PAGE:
Employers Find It More Difficult To Find Qualified Candidates

To Fill Jobs Today (And Will In The Future)

by Peter Cotton, founder and President of Best Sales Talent, LLC

Employers are finding it increasingly difficult to find qualified candidates to fill their open positions. One of the reasons for this is due to the ever-increasing competition to identify, attract, hire and retain top talent.

We all know that job openings become available for many reasons. With the exception of the termination of the employee by his or her manager, job openings can be caused by the expansion of a business, a new product to be launched, personnel transfers, promotion of an incumbent, resignations, retirement, and even the death of the worker.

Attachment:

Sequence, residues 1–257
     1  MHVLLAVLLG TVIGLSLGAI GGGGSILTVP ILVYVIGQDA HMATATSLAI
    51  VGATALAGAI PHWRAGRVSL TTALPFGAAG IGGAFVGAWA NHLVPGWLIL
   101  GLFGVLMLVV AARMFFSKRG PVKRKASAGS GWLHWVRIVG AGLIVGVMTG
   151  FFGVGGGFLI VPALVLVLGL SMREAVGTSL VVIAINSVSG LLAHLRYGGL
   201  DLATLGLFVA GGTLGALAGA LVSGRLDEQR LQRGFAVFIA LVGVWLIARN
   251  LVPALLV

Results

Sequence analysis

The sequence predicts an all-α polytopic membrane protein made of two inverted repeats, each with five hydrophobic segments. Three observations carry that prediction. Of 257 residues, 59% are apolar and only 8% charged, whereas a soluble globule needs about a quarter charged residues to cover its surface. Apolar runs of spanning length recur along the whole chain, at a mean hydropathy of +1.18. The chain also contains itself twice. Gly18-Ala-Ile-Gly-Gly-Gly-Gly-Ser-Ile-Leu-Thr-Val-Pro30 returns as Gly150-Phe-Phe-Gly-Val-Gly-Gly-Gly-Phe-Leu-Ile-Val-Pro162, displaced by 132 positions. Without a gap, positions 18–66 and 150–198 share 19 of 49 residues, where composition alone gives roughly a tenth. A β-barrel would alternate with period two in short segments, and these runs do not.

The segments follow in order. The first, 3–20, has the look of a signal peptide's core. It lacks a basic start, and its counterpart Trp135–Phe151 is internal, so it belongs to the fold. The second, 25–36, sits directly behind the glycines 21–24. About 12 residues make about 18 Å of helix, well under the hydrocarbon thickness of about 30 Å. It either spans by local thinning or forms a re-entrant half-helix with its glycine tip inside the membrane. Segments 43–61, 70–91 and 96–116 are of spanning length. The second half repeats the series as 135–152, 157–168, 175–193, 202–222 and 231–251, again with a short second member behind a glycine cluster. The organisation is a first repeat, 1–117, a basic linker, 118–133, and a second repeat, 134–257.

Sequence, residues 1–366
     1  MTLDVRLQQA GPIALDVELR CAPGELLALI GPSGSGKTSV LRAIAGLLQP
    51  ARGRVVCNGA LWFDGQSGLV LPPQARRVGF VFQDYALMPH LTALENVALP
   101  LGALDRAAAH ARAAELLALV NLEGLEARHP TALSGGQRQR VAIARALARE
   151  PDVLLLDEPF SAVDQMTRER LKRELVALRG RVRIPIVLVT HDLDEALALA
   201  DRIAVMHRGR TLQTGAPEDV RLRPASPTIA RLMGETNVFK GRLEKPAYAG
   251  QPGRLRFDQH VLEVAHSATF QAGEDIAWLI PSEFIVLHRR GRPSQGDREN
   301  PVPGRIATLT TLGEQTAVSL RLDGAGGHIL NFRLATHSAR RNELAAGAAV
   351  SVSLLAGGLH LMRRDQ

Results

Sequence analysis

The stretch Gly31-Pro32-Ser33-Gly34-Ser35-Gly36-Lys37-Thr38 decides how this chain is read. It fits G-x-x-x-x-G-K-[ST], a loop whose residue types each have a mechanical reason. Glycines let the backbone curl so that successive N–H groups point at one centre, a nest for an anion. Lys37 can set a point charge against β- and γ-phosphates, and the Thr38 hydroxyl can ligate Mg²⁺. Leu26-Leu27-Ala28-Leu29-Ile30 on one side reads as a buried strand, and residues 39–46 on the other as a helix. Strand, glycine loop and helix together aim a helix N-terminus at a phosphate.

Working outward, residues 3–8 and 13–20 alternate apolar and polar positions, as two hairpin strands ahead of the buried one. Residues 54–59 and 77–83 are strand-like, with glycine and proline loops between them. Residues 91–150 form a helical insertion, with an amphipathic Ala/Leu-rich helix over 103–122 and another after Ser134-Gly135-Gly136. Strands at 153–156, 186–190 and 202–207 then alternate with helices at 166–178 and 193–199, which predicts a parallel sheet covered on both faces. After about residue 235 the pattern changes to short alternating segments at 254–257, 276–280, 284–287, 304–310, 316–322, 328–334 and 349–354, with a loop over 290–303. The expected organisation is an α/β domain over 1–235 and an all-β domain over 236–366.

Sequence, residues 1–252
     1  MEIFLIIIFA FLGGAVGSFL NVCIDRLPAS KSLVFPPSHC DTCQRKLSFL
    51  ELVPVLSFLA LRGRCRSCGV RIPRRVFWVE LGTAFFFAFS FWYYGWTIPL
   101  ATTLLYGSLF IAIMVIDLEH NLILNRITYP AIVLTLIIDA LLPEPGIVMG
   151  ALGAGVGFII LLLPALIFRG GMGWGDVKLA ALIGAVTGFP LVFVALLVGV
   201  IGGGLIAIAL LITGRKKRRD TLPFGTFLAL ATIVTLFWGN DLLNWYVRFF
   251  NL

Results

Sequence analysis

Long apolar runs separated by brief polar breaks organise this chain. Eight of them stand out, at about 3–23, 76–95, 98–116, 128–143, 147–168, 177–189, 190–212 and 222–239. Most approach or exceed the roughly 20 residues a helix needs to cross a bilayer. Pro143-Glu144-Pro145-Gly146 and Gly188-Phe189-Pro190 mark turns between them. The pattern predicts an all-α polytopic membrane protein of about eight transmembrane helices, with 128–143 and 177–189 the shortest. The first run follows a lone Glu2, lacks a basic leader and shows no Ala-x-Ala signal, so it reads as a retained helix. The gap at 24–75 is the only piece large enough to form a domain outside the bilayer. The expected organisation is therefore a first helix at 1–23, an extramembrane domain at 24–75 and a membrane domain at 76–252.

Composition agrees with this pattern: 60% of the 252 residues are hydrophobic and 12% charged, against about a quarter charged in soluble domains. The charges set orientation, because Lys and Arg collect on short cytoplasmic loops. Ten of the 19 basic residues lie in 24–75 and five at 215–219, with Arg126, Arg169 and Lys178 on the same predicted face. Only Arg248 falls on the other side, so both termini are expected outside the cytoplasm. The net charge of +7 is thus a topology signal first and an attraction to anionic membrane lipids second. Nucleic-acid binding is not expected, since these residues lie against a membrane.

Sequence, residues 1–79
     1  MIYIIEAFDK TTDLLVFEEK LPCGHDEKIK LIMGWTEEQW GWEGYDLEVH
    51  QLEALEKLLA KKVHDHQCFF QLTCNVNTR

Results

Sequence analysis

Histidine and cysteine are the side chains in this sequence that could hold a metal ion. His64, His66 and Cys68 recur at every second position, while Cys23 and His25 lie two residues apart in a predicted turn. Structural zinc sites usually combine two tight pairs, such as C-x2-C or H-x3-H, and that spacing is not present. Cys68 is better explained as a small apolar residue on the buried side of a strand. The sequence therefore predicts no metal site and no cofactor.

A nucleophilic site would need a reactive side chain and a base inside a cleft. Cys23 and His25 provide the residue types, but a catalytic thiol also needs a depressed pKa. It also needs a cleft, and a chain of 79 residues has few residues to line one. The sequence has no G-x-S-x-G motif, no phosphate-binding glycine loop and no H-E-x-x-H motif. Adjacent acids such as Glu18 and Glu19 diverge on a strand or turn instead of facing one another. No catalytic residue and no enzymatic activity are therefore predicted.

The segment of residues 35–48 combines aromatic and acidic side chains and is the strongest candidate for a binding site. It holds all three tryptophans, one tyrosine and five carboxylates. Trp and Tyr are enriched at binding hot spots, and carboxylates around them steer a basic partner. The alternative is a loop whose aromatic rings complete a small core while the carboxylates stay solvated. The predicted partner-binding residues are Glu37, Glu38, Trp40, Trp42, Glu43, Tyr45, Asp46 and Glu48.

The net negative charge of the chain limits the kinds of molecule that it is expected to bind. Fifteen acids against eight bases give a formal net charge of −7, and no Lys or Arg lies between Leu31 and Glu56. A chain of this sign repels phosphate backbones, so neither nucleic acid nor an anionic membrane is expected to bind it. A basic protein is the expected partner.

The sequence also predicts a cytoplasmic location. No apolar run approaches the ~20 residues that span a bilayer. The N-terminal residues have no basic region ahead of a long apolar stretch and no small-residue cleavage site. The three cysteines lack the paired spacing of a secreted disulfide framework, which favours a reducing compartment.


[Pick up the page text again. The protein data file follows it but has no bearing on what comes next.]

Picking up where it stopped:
However, there is another reason why employers are finding it increasingly more difficult (and will even more so in the future) to fill their positions with qualified candidates. The reason is not obvious until you examine it more closely. It has to do with our population growth rate. More specifically, it has to do with something known as the Total Fertility Rate, verses a Sub-Replacement Fertility Rate.

The United States has been experiencing a sub-replacement fertility rate for years. This is a total fertility rate that, if sustained, leads to each new generation being less populous than the previous one. In a developed country, like ours, sub-replacement fertility is any rate below approximately 2.1 children born per woman. According to data published by the World Bank, over the last 33 years we have experienced a total fertility rate ranging from a low of 1.8 (in the early to mid 1980’s), to a high of 2.1 (in the early 1990’s and again in the early 2000’s).